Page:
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Coinbase Has Launched Crypto Compliance Intelligence Services

Coinbase, the largest cryptocurrency exchange in the United States, has launched a series of new tools to help financial institutions with their crypto compliance procedures.

The company went on to say that it was particularly familiar with the difficulty of keeping up with worldwide standards and that it wanted to ensure that everyone could safely engage in the crypto business.

The new tools will handle the compliance requirements of “financial institutions, crypto firms, law enforcement agencies, and corporations new to crypto,” according to the press release.

Compliance intelligence

Coinbase Know Your Transaction (KYT), a transaction screening tool, is included in the new set of technologies. Financial institutions and crypto enterprises would be able to “proactively manage risk based on our patented risk assessment algorithm,” according to the company.

To automate real-time transaction monitoring, the KYT service can be used as an API (application programming interface). The idea is to keep bad actors and bogus transactions at bay.

In practice, bad actors would use a service like Tornado Cash to mix or obfuscate transactions.

Users can also receive warnings to enable proactive risk management if their risk profiles change, as well as scan transactions for anti-money laundering flags.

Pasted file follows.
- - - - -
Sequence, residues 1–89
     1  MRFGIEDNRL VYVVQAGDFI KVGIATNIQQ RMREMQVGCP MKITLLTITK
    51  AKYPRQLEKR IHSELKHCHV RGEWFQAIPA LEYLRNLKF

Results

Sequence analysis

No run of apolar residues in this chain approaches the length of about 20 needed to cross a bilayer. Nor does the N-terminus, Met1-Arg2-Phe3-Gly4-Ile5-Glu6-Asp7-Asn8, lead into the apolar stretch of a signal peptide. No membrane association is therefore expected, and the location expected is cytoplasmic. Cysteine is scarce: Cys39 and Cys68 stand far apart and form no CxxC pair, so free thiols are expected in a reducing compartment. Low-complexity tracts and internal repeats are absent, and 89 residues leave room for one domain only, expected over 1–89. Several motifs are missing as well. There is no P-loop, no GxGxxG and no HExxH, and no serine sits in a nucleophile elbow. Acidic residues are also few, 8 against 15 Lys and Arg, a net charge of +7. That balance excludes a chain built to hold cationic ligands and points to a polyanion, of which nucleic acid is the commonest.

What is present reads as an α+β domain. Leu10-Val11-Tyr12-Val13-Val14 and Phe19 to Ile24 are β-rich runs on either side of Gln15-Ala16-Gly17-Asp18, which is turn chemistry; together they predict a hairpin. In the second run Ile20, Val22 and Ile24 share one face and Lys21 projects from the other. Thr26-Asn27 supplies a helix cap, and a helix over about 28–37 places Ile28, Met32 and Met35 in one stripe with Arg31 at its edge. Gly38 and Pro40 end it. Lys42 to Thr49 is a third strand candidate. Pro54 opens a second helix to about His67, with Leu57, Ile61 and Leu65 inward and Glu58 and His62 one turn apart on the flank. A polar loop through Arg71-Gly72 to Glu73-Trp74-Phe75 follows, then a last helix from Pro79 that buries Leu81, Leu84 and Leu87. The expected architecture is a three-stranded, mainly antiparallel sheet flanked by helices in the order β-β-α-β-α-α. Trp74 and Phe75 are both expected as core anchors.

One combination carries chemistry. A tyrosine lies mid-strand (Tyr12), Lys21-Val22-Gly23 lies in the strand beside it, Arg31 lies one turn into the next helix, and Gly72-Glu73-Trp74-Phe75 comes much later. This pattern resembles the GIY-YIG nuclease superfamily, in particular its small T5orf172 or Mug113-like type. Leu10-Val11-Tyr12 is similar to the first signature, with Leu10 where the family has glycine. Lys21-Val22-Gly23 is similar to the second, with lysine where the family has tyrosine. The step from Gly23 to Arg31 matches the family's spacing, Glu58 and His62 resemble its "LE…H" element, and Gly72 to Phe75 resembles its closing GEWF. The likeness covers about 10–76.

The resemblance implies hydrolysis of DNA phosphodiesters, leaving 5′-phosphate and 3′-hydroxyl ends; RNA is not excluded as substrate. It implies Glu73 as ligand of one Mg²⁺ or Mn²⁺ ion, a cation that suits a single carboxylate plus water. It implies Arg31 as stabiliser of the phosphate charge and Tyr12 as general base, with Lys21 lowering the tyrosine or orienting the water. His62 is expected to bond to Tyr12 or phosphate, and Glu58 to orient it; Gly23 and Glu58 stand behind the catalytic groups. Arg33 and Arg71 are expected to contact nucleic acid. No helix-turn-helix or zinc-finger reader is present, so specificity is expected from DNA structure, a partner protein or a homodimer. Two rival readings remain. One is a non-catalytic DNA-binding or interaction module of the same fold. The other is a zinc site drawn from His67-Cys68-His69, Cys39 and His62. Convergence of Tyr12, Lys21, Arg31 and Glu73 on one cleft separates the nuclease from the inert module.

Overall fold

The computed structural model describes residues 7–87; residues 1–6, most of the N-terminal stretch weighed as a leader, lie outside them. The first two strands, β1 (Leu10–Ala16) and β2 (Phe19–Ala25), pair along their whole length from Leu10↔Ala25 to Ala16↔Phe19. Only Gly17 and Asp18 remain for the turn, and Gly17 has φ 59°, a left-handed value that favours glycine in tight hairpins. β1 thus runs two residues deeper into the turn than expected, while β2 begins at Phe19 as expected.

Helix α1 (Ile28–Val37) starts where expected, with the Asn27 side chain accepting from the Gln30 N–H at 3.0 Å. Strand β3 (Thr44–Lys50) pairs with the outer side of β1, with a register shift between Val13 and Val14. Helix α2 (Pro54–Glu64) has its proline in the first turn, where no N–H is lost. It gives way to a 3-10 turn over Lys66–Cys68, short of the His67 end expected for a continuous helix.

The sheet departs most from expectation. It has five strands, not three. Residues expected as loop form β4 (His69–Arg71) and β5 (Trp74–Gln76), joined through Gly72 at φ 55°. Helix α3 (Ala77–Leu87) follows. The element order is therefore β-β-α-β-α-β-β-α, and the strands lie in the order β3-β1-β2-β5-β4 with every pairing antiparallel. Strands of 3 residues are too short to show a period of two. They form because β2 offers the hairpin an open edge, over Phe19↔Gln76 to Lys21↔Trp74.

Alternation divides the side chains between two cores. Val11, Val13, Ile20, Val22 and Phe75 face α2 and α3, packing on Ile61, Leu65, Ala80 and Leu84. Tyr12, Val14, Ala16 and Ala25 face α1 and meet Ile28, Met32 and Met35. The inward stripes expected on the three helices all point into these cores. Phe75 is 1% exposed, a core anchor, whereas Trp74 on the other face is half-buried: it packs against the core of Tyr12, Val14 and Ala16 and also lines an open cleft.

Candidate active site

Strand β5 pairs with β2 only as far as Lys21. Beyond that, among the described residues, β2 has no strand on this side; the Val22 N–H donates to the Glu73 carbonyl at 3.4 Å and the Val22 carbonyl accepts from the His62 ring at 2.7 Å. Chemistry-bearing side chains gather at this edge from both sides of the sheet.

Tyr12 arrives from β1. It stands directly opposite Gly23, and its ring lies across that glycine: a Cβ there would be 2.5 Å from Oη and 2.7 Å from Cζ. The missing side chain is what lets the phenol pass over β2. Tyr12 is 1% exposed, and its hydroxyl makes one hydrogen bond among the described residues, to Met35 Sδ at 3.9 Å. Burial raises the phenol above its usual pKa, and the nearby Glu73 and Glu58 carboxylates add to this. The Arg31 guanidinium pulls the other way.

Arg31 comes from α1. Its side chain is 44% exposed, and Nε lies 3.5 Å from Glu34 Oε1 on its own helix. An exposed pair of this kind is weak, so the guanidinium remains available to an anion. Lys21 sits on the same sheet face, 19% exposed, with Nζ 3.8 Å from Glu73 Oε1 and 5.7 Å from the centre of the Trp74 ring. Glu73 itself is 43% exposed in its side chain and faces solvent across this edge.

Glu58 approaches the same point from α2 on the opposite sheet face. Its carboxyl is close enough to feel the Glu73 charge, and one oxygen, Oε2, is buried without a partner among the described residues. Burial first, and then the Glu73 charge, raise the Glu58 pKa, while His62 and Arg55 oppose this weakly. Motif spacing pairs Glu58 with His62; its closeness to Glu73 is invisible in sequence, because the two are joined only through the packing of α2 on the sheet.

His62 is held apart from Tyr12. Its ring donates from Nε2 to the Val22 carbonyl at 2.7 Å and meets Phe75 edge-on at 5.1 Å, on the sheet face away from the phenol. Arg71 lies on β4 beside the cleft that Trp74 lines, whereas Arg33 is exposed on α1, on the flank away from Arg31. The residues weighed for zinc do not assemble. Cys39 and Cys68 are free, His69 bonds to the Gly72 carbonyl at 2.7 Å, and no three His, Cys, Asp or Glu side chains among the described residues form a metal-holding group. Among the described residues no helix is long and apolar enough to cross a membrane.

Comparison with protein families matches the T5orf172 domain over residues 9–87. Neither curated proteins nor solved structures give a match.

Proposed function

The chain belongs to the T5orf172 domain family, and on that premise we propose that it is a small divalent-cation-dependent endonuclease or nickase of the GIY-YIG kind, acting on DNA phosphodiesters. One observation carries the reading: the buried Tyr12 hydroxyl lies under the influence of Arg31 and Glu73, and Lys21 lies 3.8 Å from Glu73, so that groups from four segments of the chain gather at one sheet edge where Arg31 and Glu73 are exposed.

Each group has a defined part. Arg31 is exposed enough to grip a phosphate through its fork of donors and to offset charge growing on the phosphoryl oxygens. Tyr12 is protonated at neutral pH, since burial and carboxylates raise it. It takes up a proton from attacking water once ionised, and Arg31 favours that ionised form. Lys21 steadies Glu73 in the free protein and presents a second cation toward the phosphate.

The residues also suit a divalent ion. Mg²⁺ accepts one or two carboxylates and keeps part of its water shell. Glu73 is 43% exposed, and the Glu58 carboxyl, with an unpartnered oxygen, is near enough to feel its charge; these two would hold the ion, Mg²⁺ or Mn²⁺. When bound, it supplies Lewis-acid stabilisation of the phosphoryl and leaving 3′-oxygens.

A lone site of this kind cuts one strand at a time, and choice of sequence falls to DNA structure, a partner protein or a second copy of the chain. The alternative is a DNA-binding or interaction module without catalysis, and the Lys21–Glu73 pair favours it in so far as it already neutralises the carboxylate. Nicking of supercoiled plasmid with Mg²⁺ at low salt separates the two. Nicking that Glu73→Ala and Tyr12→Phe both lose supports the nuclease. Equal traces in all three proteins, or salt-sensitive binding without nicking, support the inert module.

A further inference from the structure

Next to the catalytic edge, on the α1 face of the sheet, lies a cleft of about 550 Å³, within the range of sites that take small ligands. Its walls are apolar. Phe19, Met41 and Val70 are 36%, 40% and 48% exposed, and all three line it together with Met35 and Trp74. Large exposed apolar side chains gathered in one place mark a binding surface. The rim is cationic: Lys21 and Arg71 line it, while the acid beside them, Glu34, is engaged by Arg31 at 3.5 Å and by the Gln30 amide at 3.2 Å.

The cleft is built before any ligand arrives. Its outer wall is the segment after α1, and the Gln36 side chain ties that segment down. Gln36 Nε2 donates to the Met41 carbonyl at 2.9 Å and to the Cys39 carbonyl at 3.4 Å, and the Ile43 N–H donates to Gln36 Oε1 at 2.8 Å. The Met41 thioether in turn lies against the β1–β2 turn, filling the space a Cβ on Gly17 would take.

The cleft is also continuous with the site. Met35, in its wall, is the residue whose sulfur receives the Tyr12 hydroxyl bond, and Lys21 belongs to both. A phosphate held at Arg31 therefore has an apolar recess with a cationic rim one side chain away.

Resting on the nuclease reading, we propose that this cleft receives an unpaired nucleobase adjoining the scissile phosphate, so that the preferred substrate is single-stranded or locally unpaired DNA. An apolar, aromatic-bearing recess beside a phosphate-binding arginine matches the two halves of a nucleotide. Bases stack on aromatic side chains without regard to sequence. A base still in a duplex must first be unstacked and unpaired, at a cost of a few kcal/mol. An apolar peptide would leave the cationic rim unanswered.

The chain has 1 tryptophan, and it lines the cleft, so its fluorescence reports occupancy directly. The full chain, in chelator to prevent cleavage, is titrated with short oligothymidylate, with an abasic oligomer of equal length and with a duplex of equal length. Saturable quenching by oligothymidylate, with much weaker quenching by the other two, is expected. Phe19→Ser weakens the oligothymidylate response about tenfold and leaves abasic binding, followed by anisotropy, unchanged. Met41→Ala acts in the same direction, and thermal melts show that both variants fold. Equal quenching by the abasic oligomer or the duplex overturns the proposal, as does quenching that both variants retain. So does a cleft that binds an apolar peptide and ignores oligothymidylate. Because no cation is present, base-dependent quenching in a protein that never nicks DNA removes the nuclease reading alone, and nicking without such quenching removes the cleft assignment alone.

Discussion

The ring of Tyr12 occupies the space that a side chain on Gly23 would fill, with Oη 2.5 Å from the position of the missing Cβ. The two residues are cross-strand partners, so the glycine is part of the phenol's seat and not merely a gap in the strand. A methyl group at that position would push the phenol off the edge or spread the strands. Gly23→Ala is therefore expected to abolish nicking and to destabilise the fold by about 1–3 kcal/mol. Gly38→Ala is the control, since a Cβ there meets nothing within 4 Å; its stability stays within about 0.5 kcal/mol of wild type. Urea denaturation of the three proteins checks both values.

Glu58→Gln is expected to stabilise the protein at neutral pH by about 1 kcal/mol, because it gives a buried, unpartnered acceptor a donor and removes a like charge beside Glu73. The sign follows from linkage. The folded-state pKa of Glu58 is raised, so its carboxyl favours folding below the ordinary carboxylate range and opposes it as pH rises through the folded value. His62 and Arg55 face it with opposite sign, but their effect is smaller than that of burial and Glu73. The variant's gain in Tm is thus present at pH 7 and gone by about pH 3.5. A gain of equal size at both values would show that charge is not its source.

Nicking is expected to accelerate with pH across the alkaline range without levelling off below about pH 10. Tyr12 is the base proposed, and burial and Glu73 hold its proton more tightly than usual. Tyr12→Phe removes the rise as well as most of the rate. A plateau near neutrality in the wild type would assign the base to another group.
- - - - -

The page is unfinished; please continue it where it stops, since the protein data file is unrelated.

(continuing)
The company’s analytics software has been renamed “Coinbase Tracer.” The technology, which has previously been utilized by governments and law enforcement organizations, now connects activity to real-world entities in order to depict crypto asset flow.

With risk scores and warnings, it may also be used to reduce fraud, explain counterparty risk, and help highlight AML problems. The organization came to the conclusion that it is on a quest to meet future compliance challenges.

Is Coinbase on its way to becoming a bank?

Regulators and lawmakers may applaud the additional features, but for the typical user, Coinbase is more becoming a traditional bank. Customers in Canada, Singapore, and Japan will be asked to submit additional details about their transactions, Coinbase announced in March.

Most banks set transaction limitations, demand a slew of personal data, report transactions to the government, charge exorbitant fees, and limit what their clients may do with their own money.

Centralized exchanges will have no choice but to follow this road as global regulators tighten the screws on the crypto industry, and Coinbase appears to be leading the way. On April 28, the company shares (COIN) hit an all-time low of $115.

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